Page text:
• Write Legacy Stories. Using the Legacy Stories Website and mobile App, you can compose, organize, preserve, and share your legacy stories with your own Legacy Story Blog. This is the ideal solution to preserve and share your heirloom recipes, family traditions, legacy letters, poetry, wishes for the future, wisdom statements, and life lessons and values. Learn more.
  • Help decorate mom’s home. Decorations are a wonderful way to get everyone in the holiday spirit. Offer to help your elderly loved one set up and decorate a tree, hang wreaths, or string lights. Also, make yourself available after the holidays to help take down and store the decorations.
  • Put together a holiday photo album. Sorting through old holiday photos and recalling all the memories is fun for all ages and is a great, simple way to include a senior in the festivities.  Legacy Stories is a great tool to use for this project!  Make it a priority to help your mom start her Legacy Story this year so you can refer back to it year after year and keep building up her personal legacy.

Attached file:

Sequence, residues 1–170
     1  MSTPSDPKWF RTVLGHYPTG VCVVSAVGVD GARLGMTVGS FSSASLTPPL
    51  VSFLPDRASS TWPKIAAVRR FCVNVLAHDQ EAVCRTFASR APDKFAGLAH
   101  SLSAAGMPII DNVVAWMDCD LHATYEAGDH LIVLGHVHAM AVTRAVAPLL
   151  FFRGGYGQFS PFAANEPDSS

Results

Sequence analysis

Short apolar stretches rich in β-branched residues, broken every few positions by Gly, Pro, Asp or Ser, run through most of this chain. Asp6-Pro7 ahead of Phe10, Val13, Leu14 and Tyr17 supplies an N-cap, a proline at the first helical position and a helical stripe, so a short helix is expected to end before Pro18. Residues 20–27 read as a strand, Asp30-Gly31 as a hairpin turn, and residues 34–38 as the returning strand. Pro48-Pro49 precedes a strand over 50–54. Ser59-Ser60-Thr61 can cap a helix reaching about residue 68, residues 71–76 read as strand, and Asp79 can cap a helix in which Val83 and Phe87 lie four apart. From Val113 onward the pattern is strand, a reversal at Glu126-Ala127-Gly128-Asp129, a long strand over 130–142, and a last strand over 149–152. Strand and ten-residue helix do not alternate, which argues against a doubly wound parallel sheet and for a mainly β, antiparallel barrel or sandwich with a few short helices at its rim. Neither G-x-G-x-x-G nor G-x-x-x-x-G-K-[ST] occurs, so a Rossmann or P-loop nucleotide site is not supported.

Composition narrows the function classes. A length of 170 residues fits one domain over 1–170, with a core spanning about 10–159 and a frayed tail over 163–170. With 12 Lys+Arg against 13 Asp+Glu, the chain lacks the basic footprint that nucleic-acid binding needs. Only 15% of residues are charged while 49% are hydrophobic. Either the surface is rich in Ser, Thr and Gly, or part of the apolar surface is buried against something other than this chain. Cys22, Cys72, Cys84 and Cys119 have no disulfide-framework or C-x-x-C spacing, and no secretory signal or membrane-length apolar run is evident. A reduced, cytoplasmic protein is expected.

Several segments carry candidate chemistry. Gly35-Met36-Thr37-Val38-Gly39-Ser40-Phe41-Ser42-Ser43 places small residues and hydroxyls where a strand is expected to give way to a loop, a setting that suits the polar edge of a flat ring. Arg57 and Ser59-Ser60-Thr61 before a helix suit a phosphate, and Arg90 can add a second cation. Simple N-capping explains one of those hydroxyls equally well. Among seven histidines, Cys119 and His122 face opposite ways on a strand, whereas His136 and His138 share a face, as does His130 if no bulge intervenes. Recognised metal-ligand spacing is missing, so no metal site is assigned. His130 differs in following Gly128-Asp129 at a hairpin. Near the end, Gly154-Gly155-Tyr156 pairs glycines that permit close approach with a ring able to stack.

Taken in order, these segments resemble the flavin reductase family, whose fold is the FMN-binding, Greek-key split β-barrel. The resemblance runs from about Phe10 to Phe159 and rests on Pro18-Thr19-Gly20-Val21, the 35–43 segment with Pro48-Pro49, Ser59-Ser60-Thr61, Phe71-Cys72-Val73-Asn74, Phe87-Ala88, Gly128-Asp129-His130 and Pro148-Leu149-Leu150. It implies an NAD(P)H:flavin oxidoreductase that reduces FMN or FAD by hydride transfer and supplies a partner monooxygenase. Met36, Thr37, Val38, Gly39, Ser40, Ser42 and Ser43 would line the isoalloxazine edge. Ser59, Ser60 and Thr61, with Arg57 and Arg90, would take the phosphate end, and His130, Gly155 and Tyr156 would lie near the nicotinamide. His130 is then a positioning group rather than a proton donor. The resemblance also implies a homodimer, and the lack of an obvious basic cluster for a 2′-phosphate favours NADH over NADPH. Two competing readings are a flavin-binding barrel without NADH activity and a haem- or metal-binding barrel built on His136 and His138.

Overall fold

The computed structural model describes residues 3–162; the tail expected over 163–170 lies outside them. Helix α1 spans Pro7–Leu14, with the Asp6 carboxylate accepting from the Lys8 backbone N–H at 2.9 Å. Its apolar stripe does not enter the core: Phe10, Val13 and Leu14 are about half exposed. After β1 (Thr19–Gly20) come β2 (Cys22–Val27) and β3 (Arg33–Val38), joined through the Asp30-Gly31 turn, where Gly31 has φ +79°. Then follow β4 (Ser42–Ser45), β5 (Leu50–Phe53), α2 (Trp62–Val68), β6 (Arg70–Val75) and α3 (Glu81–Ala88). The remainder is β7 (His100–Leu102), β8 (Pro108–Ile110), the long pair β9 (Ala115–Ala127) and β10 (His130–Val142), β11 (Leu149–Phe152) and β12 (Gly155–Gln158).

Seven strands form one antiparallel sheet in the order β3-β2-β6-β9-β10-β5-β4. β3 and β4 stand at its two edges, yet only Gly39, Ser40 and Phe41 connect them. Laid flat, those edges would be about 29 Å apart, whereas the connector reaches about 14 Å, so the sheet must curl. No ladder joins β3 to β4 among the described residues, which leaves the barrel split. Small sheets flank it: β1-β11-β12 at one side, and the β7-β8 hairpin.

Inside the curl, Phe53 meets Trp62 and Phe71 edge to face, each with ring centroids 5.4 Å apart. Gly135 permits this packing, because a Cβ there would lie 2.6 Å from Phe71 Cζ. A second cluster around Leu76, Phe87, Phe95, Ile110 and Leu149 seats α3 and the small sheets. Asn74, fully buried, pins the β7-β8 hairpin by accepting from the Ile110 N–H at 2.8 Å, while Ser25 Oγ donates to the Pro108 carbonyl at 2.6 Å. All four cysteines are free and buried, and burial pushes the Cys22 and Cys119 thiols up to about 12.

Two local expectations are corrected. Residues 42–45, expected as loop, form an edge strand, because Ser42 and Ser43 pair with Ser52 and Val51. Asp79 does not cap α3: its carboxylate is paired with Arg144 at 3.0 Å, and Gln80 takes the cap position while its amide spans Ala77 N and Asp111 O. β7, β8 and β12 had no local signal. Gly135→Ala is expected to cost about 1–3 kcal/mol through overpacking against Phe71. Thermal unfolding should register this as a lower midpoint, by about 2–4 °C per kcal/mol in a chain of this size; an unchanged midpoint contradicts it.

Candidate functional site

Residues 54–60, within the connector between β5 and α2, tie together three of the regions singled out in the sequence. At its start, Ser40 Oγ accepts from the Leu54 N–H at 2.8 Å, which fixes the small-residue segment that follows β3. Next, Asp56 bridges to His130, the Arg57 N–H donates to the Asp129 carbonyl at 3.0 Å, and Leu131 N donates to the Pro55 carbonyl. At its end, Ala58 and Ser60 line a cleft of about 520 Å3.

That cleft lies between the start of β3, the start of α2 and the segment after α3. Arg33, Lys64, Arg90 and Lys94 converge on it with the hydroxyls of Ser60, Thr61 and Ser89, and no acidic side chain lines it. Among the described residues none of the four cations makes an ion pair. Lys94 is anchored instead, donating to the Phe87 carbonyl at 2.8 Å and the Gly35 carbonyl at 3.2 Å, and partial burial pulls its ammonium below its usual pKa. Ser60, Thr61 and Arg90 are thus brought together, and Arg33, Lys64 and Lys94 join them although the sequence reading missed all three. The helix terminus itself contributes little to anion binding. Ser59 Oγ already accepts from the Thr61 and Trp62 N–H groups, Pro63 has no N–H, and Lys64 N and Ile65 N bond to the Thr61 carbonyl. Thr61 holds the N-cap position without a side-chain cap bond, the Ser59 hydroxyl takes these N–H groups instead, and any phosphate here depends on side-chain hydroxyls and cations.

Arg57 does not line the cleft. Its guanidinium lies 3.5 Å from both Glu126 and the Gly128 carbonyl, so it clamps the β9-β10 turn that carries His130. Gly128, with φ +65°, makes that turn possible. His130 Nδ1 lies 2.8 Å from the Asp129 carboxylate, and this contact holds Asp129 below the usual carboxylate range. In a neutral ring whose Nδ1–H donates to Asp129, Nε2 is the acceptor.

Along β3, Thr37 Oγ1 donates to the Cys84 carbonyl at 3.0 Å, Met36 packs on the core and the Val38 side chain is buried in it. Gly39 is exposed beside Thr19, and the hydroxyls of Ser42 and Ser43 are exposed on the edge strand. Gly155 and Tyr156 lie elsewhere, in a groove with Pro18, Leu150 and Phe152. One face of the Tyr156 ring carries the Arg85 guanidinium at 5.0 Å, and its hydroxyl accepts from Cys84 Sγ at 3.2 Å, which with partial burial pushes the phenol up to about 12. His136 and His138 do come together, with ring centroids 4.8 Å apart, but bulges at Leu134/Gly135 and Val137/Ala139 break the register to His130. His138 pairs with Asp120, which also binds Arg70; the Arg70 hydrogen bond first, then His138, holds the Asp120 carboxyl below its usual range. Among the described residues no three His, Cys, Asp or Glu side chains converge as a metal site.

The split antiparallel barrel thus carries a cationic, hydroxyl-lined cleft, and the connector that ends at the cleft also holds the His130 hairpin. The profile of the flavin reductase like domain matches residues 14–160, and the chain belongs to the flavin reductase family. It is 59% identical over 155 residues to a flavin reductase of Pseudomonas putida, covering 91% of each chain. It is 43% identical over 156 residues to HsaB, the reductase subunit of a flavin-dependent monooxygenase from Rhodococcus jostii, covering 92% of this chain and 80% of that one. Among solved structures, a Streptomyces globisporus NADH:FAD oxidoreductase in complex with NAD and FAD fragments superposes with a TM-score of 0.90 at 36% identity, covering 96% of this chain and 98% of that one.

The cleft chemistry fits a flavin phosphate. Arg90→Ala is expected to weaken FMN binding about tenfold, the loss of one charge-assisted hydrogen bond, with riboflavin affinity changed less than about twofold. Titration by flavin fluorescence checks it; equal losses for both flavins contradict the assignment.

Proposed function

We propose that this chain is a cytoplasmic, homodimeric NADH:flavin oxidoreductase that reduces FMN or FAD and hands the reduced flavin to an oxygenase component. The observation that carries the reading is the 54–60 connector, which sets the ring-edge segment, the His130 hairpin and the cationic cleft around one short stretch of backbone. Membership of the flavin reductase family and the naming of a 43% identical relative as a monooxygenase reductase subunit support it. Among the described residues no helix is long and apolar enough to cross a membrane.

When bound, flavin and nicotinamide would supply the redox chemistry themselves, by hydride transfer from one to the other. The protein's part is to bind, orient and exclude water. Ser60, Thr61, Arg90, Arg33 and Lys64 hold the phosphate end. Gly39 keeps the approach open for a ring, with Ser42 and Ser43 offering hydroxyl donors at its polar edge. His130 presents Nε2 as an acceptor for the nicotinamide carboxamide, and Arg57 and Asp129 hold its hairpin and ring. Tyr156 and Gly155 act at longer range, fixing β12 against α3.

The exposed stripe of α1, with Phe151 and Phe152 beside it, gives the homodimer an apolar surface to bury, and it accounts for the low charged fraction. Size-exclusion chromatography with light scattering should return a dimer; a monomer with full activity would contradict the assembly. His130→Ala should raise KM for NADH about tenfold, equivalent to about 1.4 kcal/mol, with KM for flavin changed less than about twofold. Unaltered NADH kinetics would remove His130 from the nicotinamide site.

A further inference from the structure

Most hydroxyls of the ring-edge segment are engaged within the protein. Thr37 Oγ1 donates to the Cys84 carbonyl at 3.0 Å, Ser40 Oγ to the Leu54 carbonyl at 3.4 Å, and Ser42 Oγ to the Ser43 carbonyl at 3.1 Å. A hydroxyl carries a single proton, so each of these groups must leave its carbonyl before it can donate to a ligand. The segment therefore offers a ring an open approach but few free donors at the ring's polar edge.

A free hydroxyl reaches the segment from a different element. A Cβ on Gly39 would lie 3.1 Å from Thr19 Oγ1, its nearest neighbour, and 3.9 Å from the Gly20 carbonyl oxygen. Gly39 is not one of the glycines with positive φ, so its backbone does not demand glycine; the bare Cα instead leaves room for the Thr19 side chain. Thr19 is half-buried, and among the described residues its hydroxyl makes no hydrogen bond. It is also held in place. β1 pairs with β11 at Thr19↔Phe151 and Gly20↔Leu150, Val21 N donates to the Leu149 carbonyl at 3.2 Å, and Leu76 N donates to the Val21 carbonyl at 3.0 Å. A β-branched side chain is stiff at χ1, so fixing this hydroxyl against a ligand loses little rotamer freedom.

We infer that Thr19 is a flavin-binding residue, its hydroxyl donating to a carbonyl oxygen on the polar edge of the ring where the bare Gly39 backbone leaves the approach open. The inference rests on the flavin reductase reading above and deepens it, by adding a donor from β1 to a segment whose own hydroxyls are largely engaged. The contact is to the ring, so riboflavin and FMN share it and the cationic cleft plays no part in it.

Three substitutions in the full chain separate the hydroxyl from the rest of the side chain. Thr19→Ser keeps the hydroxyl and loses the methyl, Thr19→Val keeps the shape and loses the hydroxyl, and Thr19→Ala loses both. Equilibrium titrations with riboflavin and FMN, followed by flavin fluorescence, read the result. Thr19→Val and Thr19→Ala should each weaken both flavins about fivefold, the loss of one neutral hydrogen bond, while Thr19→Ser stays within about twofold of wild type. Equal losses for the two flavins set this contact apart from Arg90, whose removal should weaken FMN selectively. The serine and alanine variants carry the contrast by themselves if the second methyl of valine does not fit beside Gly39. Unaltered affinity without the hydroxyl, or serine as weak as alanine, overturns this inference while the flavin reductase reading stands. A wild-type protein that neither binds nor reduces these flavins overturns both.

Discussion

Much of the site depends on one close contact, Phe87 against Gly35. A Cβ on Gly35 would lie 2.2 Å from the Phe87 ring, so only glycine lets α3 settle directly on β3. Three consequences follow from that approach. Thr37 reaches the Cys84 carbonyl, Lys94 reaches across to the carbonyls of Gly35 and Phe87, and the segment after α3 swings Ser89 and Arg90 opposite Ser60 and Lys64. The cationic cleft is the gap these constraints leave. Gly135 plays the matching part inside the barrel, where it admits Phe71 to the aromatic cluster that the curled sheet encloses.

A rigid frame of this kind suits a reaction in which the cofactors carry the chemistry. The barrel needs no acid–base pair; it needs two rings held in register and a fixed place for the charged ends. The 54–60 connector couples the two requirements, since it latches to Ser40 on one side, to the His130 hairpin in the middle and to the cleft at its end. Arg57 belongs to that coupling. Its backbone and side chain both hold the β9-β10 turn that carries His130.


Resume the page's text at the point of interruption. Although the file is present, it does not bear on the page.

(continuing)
After the Holidays: Helping Mom Cope

There are some things that we can do with and for our senior loved ones to help them stay engaged and relieve their loneliness. Some are easy and some take more of a commitment. Here are some ideas to keep your mother engaged:

1. Sign her up to join the senior center or a class, such as yoga or Tai Chi. Maybe she would like to take a class at the local school to learn more about the computer, how to take photos, or make a quilt. Help her find a book club or other club that sparks her interest, such as a garden club, bridge club, or church group.

2. Set up visits with family, friends, and other organizations so that your mother has regular visitors, when she wants them.

3. Enlist your friends and family to send a card, letter, or whatever communication they enjoy to your mom.